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ISSUE 552: The high tech office- May 23 2000


Shared connections provide a low-cost link to the Net

A few issues ago, we looked at how it is becoming easier to set up a local area network for a small office. This allows users to easily share data and devices like printers, CD-writers, and more.

Another benefit of networks is shared Internet connections, allowing the whole office to get by on a single link to the Net. This is especially handy if you've got one of the new cable or DSL low-cost, high-speed connections.

Still, sharing an Internet connection can involve other complications and costs. Typically, it requires adding a second Ethernet adapter to the computer that's connected to the Internet.

If you're just setting up your network, you'll need a hub if you want to connect more than two computers and software to share the Net connection, unless you're using the latest versions of Windows 98 or Windows 2000, which have Internet connection sharing built in. You will also require software to provide some security for all those machines newly exposed to the rest of the world.

But there's a better way.

Linksys is a California company with a product line focusing on small office networking solutions. They have recently offered the EtherFast Cable/DSL Router (about $260), which offers a host of features to help connect a small office to a fast Internet connection.

While discussions of networking hardware tend to be rather dull, this one is worth reading about. First of all, the Linksys product is designed to connect a cable or DSL modem with a network. There's no more need to install a second network adapter in one of your computers. And it includes a four-port 10/100 switch. That means that you can plug up to four computers directly into it, sharing that Internet connection and accessing it at full speed.

If you have four or fewer computers to connect, you won't need a hub for your network. And switches such as this one offer much better performance than hubs. (Hubs divide the available bandwidth between the connected machines, while switches give each machine the full available speed.) That will speed both your Internet connections and all other network activities.

Most of the hubs bundled in home office starter networking kits run at the slower 10 Mb/sec. speed. This product operates 10 times faster, at the 100 Mb/sec. speed of most modern network adapters. Even so-called fast Internet access is much slower than this, but other network activities will immediately seem perkier.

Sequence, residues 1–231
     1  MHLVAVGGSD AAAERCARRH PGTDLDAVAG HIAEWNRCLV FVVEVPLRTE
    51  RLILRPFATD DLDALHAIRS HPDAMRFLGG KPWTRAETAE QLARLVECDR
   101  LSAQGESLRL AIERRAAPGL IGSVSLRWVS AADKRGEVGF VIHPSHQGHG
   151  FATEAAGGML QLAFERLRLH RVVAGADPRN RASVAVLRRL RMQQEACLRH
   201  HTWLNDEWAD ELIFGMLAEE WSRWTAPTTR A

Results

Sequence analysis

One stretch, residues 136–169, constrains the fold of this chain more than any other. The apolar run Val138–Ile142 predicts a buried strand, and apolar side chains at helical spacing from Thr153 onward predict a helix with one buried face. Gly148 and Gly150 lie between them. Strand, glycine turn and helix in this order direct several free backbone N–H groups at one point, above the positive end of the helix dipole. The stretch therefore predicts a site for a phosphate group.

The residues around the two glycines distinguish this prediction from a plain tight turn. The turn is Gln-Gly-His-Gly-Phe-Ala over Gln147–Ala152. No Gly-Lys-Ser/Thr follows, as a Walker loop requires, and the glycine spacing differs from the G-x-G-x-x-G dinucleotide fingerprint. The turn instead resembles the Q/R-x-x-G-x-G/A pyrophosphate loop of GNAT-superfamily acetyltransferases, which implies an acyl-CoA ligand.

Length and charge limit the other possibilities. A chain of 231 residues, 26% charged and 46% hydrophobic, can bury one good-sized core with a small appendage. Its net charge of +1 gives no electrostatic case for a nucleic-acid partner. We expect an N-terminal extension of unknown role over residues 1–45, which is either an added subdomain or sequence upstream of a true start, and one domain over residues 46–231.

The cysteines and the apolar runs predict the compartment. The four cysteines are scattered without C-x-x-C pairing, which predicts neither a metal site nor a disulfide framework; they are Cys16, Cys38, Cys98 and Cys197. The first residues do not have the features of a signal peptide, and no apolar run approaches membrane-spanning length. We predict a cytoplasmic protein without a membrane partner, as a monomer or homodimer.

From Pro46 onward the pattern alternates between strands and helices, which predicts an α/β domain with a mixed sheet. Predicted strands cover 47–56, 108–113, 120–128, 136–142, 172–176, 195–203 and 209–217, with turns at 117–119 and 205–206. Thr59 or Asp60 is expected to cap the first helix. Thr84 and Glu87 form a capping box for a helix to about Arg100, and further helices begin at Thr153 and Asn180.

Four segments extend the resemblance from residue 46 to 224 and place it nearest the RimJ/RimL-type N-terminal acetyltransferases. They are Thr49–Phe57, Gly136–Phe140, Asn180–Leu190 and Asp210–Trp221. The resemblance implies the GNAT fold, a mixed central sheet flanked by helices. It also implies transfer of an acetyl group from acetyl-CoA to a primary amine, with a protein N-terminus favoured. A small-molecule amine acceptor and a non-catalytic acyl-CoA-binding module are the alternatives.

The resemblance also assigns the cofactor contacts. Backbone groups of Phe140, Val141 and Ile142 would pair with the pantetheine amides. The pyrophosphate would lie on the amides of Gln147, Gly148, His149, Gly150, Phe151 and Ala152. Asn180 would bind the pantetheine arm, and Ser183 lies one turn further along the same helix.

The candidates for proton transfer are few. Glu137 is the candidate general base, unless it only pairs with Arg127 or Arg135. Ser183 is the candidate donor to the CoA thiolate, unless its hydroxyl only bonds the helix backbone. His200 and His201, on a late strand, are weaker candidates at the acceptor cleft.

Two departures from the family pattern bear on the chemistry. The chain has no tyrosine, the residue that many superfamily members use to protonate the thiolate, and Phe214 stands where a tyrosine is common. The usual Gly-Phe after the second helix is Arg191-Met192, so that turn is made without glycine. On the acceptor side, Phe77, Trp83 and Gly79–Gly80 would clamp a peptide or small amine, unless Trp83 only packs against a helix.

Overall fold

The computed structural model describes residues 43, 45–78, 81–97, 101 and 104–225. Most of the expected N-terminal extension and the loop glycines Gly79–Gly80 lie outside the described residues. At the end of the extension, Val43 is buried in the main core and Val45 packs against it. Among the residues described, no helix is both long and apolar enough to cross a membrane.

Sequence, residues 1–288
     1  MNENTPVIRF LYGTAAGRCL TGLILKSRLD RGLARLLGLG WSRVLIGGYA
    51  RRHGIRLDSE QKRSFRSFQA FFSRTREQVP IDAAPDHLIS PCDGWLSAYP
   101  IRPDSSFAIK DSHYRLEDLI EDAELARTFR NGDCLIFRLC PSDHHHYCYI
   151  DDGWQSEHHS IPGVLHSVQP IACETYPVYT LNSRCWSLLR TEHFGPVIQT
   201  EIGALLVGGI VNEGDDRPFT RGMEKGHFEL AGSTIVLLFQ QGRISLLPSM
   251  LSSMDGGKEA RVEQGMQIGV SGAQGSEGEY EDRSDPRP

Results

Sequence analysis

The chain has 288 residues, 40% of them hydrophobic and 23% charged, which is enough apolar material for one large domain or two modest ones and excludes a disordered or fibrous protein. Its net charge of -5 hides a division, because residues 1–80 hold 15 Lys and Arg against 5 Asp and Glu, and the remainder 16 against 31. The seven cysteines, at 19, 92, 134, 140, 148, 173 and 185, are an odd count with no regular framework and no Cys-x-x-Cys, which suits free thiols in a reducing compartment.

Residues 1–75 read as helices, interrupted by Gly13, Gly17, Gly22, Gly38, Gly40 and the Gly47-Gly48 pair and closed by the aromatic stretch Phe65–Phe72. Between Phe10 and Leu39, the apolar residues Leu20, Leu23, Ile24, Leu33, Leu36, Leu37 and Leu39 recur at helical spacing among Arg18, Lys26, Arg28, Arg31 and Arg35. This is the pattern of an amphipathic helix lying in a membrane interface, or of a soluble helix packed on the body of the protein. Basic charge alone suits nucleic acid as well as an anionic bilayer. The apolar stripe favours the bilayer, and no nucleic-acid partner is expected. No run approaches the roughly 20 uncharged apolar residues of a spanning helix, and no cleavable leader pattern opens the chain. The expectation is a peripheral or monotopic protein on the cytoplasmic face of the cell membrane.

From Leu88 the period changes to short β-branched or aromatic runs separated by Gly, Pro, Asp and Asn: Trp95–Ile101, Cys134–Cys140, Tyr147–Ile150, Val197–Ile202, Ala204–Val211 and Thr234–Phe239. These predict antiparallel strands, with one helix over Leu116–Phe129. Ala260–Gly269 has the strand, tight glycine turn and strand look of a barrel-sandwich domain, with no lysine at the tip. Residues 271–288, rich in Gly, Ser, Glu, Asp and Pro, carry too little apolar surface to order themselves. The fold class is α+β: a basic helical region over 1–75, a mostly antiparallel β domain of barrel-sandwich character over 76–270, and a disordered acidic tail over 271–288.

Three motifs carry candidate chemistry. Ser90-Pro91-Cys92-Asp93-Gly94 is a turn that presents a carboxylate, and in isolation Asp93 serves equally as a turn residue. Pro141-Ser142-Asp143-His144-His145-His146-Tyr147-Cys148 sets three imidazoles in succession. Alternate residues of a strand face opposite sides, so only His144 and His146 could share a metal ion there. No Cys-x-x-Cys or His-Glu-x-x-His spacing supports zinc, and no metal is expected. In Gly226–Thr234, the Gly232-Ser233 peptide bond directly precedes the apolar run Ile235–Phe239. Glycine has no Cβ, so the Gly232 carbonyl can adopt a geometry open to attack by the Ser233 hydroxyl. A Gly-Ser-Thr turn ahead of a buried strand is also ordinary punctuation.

All your connected computers share a single Internet address so there's no need to purchase additional addresses from your service provider. And even though the unit includes four ports, you can connect them to other hubs or switches allowing you to share Internet access with as many as 253 computers. The router can be set to automatically assign networking addresses, helping to simplify configuration.

At the same time, it acts as a firewall, protecting your networked computers from outside intruders. When I tested my computers on Steve Gibson's Shield's Up security-check Web site (, it reported that all testable ports were closed or hidden from hackers. (Of course, that won't help protect you from downloaded virus attachments. You should still keep anti-virus software running and up to date.)

The hardware was quite simple to set up and configure. After plugging it in, you connect to it with a Web browser and set its options. A few things to be aware of, however: There's a Setup Wizard disk in the box to make setup and configuration even easier, but there's no mention of it in the documentation.

The printed documentation is straightforward, but only covers Windows 95/98 users. NT/Windows 2000, Linux, or Mac users can also benefit from this product, but you're on your own in setting it up. (I had no problem connecting to it on both my Mac and Windows 2000 systems.)

Most users will have no need for the unit's advanced features, but if you do, Linksys does not offer tech support for those options. Again, you're on your own.

While writing these columns, I try out a lot of software and hardware. Few items have proven as immediately beneficial as Linksys's router. Within an hour of opening the package, my office network ran noticeably faster with tighter security. *


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Alan Zisman is a Vancouver educator, writer, and computer specialist. He can be reached at E-mail Alan